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Politics meets culture


M.P. Prakash seamlessly negotiated the worlds of literature, culture and politics


Bibliophile M.P. Prakash's love for books was legendary

M.P. Prakash (Matada Patil Prakash 1940-2011) who passed away last week was not just a politician, but an actor, writer, orator and social activist.

He was a rare politician who served as a minister shouldering a number of portfolios for more than a decade under several chief ministers. He was a multi-faceted personality in whom politics, literature and culture blended in a rare sort of way. He was committed to value-based politics and the hallmark of his multifaceted personality was his equanimity and simplicity. He was an integral part of Karnataka's cultural life. He also made several innovations in theatre.

Even a hot and dry Bellary became a culturally fertile land under the aegis of Prakash. He spearheaded efforts to make the district culturally vibrant.

My association with Prakash lasted for several decades. In the early Seventies, Mysore provided a forum for writers and artists and I met Prakash and his friends from Bellary at a conference. I met him on several occasions thereafter – at seminars and conferences, reflecting upon socialist ideals.

Prakash was not only a great lover of books but also a voracious reader. He would curiously move around the stacks of books in exhibitions, browse and pick up all he wanted.

He had joined the socialist party by then and had organised a conference in his home town Hoovinahadagali. Whatever type of literary, cultural or progressive thinkers' meet that would take place in Bellary district, Prakash would be the organiser, executive, host, active worker.

In 1979, the Bandaya or the protest literature gained momentum and the first national literary conference of these writers was held in Bangalore, followed by a second meet in Bijapur in 1980.

I was also an enthusiastic participant and on my way back to Bangalore I got down at Hospet remembering M.P. Prakash's standing invitation to visit his place and took a bus to Hoovinahadagali solely with the purpose of meeting him. When I asked somebody about Prakash, he ran to the neighbouring courtyard and lo, within minutes Prakash was seen hurriedly coming towards me in his advocate's robes. I still remember the way he treated me, his warm and heartfelt friendliness, his unassuming deportment and his unstinting hospitality.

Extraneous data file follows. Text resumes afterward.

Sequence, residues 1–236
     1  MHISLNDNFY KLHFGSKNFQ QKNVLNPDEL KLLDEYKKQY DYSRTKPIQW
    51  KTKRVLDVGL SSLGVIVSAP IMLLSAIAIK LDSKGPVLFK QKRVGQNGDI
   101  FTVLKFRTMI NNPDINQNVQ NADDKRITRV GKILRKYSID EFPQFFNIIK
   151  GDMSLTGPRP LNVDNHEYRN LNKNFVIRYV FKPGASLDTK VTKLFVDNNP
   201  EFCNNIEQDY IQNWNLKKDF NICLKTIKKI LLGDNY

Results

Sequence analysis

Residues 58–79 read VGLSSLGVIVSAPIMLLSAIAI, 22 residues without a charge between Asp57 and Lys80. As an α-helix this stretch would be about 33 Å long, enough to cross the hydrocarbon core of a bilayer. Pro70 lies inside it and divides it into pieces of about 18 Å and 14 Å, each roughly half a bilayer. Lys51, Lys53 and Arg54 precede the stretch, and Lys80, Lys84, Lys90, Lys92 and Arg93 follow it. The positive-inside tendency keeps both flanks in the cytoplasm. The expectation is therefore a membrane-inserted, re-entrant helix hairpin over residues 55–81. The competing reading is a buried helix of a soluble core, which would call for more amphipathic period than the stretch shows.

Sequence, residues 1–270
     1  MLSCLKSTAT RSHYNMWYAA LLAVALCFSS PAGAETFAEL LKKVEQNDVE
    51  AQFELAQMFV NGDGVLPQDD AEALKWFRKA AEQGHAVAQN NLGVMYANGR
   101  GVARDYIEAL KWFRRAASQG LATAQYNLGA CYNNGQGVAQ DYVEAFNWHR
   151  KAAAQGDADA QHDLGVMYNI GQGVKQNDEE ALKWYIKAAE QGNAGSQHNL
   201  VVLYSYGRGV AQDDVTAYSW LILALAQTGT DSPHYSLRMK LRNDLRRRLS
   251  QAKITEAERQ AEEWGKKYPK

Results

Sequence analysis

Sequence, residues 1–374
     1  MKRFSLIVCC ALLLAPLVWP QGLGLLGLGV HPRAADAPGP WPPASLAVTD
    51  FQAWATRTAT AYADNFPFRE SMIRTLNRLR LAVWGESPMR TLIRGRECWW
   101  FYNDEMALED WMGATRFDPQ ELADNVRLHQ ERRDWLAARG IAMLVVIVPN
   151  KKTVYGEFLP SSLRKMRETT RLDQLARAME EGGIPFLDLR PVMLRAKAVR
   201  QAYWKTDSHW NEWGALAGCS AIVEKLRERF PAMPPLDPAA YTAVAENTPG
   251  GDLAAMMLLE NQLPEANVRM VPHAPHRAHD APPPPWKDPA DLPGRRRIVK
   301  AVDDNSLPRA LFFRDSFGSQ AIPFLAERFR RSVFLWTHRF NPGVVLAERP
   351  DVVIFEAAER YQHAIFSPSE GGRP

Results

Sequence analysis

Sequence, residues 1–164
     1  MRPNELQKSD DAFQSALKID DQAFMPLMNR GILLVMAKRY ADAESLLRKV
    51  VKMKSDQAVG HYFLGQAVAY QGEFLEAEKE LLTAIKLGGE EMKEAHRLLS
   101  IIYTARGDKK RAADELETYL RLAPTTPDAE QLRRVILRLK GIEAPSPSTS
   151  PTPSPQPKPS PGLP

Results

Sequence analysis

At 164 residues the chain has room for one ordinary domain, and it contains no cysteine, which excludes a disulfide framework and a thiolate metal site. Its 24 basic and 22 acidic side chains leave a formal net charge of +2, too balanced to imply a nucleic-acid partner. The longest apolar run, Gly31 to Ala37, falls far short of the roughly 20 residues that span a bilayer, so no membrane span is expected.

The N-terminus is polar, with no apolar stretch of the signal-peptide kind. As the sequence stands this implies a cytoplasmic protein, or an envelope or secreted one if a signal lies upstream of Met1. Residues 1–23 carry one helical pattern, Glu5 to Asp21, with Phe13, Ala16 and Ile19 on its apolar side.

His thirst for knowledge, social commitment, his way of discussing things of our common interest had left me spellbound. I had just then bought a copy of Tejasvi's “Carvalho”, which he literally snatched from me and rushed to pay its cost. He could not resist the temptation of going through that book though I told him that I would send him another copy from Bangalore. I was with him for nearly three days including my trip to Mylara. The day I returned to Bangalore, we stood chatting at the bus stop waiting for the bus and the bus did not arrive at the bus stand even after ten'o clock. We were discussing vachana literature in detail till I got into the bus. Later during the ensuing general elections Prakash was elected to the Legislative Assembly and became the Transport Minister!

M.P. Prakash became more and more occupied as he entered into his active political career. Whichever portfolio he occupied in the Government during later years, his love for literature and culture stood unabated and he would always accord top priority to them. In fact, he wanted me to serve as a member of the Folklore Academy, which I later did and became its chairperson. At the behest of Prakash, I also got an opportunity to serve as a member of Kannada University Syndicate when Prof. Kambar was its vice-chancellor and we established a chair in the name of Ramamanohar Lohia. Even for the Lohia volumes brought out by the Karnataka Government for which I have been the chairman, I am happy to acknowledge that it was at the behest of Prakash and other like minded friends that we were able to do it. It was Prakash's penchant for propagation of culture that he was instrumental in organising Hampi Utsava, a grand annual cultural festival to mark the glory and grandeur that Vijayanagar was.

In the demise of a towering personality like M.P. Prakash, we have unfortunately lost one of our champions dedicated to the cause of our literature and culture. He was one of the rare gems of our soil who managed to take active politics, art, literature and culture together. He always kept service before self and carved out a niche for himself in public life and the void left behind him can hardly be filled.

(The author is a senior writer and critic. Translated by Lakshminarayan Aurora)

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